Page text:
Buffering yourself against unforeseen expenses is generally a matter of knowing how to calculate percentage and put away a proportion of your income on a regular basis – while simultaneously shaving off a manageable portion of your regular expenses, so as to increase your savings over time.
You don’t have to go for the big, grand gesture all the time, and you don’t have to expect that unwelcome expense to crop up tomorrow. Just get into the routine of moving things in the right direction, bit by bit.
Your budget needs to be able to adapt on the fly – because no plan perfectly survives contact with reality
In recent times, zero-based and “envelope” budgeting systems – such as Actual and You Need a Budget – are extremely popular, in large part because they allow you to adjust your budget on the fly, instead of trying to come up with an immaculate spreadsheet that you need to stick to rigorously throughout the coming year.
The thing about all plans is that they rarely ever survive contact with reality. At least not without having to undergo significant change and adjustment.
That goes double, or maybe even triple, for financial plans. If you create a budget that is too rigid and idealistic, it’s very likely that the first sign of inevitable friction is going to cause the entire budget to collapse in on itself, and leave you in a situation where you are not prepared to properly anticipate, or arm yourself against, upcoming expenses.
Consider using a tool such as Actual, or at the very least be aware that trying to budget too far into the future, in too much of an in-depth way, is likely to result in a system that isn’t ultimately practical when things start happening in the real world.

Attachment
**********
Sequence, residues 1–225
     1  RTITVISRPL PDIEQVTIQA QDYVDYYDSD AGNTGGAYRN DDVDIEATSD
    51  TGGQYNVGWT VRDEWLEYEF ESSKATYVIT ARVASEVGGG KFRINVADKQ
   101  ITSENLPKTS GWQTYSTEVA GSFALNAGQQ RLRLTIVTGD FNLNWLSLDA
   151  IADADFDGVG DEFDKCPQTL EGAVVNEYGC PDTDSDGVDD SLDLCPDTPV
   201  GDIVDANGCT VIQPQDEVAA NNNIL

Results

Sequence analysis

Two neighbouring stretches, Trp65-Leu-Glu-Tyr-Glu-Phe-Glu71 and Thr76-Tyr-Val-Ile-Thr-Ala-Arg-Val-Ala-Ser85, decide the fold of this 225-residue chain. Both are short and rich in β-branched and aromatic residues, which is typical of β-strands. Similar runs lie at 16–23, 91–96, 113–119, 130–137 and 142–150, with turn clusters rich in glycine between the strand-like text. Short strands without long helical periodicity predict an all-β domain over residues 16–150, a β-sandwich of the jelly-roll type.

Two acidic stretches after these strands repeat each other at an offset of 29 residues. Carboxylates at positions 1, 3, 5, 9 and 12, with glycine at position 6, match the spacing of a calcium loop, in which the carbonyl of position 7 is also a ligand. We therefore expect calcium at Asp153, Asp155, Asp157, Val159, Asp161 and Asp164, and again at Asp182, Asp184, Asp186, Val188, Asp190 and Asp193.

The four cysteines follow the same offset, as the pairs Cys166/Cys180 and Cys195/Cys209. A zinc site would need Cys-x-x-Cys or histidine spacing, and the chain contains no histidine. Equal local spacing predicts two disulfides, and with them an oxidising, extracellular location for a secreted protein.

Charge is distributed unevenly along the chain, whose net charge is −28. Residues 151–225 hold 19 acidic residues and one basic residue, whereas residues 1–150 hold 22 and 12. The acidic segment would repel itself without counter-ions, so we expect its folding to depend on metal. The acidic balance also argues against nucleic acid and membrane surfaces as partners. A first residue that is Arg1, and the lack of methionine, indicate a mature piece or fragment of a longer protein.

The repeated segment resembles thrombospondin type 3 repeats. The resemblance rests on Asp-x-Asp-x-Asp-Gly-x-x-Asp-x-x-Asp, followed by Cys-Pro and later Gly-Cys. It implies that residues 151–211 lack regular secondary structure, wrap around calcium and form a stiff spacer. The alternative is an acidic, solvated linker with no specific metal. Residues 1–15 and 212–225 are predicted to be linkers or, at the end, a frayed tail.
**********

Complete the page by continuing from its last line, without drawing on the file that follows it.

“You don’t rise to the level of your expectations, you fall to the level of your training”
There’s an old saying that’s been around since at least the time of the ancient Romans, which goes; “we don’t rise to the level of our expectations, we fall to the level of our training.”
There are a number of variations on this quote, but the basic idea is the same anyway – the odds that you are going to be able to “step up” and pull off a previously unheard of performance against a particular challenge, are pretty small. What’s far more likely is that you’re going to revert to your usual habits and routines.
Protecting yourself from an unforeseen expense is likewise largely going to be a matter of cultivating the right financial habits, instead of holding out for a heroic performance when the financial problem does, in fact, rear its ugly head.
So, get used to doing things each day, habitually, that not only help your financial security and help you to save more money, but that make you less vulnerable to the unknown.
The more you can become self-reliant in the various dimensions of your life, for example, the greater the chance that you are going to be able to weather whatever storms come, when they do come. Get yourself used to acting in the way you’d like to act if something were to go wrong.